July 30, 2010
A recent report from Swiss researchers casts doubt on the ability of embryonic stem cells to treat stroke. Neural precursors derived from mouse embryonic stem cells were implanted into the brains of mice. After nine months, the implanted cells had engrafted and even extended axons into different portions of the brain, although the evidence indicated that the implanted cells did not develop into mature neurons but remained in an early developmental stage. When a stroke was induced in the mouse brains, the embryonic stem cells were actually expelled from the brain. The results, published in the journal Stroke, suggest that embryonic stem cells are ineffective at forming mature brain neurons and treating stroke damage.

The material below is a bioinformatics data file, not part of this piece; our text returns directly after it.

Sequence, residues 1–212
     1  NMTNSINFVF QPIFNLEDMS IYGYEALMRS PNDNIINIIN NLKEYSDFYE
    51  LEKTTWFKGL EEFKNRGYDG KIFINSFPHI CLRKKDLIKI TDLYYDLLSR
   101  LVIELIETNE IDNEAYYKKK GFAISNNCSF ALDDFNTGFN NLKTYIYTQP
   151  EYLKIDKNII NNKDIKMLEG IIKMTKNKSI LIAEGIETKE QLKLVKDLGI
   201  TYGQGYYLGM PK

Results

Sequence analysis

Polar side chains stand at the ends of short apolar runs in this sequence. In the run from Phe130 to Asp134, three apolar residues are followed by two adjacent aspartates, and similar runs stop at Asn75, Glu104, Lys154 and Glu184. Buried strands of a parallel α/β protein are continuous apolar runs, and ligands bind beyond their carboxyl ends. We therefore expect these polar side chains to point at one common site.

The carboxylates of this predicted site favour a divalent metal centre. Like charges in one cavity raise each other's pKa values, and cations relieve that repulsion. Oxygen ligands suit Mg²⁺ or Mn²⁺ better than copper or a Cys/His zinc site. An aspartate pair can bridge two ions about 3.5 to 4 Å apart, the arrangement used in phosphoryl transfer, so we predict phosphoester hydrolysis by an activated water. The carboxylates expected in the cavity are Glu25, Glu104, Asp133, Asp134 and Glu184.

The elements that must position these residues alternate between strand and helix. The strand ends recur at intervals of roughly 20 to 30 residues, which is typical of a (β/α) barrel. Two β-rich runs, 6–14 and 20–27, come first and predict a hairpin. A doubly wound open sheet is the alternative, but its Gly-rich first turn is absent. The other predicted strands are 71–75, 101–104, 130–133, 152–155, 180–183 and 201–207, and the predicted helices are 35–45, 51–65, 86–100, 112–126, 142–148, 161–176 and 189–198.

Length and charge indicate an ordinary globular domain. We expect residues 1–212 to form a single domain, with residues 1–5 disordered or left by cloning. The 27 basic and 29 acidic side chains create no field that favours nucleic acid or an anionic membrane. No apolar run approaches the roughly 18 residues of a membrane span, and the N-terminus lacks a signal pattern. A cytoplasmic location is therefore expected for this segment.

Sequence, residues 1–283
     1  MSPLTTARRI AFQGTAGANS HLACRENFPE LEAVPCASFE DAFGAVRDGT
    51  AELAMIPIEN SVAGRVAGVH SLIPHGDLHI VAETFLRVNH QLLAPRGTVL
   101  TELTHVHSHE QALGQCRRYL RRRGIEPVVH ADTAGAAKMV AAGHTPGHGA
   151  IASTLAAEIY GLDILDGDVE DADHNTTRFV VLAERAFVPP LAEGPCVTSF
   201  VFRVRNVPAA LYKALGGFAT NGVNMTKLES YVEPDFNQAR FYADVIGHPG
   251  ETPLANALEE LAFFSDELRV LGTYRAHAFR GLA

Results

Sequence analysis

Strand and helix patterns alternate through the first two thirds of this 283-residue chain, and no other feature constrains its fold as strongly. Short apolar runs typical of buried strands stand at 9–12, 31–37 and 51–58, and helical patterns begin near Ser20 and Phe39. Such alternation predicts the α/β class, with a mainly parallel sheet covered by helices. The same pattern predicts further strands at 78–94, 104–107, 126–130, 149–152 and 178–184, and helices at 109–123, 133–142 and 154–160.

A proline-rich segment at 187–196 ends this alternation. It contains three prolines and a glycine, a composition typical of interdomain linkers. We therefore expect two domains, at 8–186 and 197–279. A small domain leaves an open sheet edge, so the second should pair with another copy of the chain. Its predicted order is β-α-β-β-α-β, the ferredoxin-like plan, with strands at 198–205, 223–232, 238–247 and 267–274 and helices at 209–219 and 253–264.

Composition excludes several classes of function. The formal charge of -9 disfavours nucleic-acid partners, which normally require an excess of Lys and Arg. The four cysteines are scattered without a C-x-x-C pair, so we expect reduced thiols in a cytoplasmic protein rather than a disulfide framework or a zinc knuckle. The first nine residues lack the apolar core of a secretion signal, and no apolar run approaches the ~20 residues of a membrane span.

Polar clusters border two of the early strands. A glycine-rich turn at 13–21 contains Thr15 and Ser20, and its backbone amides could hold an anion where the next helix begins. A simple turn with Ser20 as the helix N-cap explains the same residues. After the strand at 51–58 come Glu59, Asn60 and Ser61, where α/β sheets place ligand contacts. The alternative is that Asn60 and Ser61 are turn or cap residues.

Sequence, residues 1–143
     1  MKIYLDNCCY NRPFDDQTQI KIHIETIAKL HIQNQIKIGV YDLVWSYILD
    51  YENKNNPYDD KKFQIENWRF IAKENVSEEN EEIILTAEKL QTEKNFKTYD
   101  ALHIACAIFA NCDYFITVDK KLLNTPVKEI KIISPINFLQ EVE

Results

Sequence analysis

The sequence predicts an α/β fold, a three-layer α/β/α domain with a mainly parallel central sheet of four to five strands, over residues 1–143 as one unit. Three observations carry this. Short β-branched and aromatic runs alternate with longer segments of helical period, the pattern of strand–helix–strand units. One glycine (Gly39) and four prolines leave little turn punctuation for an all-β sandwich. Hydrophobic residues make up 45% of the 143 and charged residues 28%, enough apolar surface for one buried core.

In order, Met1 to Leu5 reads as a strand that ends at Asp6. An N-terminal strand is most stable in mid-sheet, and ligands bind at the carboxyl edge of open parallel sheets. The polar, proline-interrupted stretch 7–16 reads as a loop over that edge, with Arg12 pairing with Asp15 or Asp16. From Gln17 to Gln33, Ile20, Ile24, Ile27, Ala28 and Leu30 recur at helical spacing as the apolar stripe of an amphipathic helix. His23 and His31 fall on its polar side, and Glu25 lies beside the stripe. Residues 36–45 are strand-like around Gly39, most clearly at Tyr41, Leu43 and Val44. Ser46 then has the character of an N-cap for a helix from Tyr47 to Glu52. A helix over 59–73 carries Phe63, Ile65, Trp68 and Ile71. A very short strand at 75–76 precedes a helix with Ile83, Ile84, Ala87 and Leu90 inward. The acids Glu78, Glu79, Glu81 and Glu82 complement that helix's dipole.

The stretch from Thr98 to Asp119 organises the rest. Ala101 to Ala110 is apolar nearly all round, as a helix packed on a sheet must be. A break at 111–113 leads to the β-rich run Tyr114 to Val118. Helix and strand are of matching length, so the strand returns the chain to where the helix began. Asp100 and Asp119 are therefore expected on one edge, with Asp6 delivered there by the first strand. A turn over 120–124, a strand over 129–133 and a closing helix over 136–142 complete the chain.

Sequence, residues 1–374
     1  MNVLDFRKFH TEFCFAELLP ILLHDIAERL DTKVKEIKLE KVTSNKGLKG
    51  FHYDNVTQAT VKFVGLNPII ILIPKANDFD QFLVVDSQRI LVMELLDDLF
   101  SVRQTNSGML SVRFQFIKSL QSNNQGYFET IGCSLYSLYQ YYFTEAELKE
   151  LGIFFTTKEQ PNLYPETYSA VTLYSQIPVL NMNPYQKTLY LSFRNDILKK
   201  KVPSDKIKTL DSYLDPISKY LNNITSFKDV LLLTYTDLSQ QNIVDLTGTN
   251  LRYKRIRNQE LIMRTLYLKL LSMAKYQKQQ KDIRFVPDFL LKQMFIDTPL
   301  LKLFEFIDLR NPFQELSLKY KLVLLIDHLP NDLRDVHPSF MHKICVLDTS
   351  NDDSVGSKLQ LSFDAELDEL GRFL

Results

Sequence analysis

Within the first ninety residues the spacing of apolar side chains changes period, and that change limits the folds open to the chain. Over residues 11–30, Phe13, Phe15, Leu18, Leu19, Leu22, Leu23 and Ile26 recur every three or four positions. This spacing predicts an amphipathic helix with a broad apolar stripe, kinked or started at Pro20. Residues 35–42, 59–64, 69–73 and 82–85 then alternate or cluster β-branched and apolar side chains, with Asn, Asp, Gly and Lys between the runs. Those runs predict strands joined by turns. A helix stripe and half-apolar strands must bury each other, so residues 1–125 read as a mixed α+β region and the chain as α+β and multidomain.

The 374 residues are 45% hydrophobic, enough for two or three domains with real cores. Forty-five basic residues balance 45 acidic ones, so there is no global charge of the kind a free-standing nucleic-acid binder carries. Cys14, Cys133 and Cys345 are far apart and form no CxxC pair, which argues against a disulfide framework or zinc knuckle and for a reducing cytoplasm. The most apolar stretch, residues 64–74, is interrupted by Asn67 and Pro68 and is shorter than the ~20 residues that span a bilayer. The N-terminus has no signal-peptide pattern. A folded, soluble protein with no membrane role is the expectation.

In contrast, results with adult stem cells show effective treatment of stroke damage, and early results of a clinical trial with stroke patients are encouraging.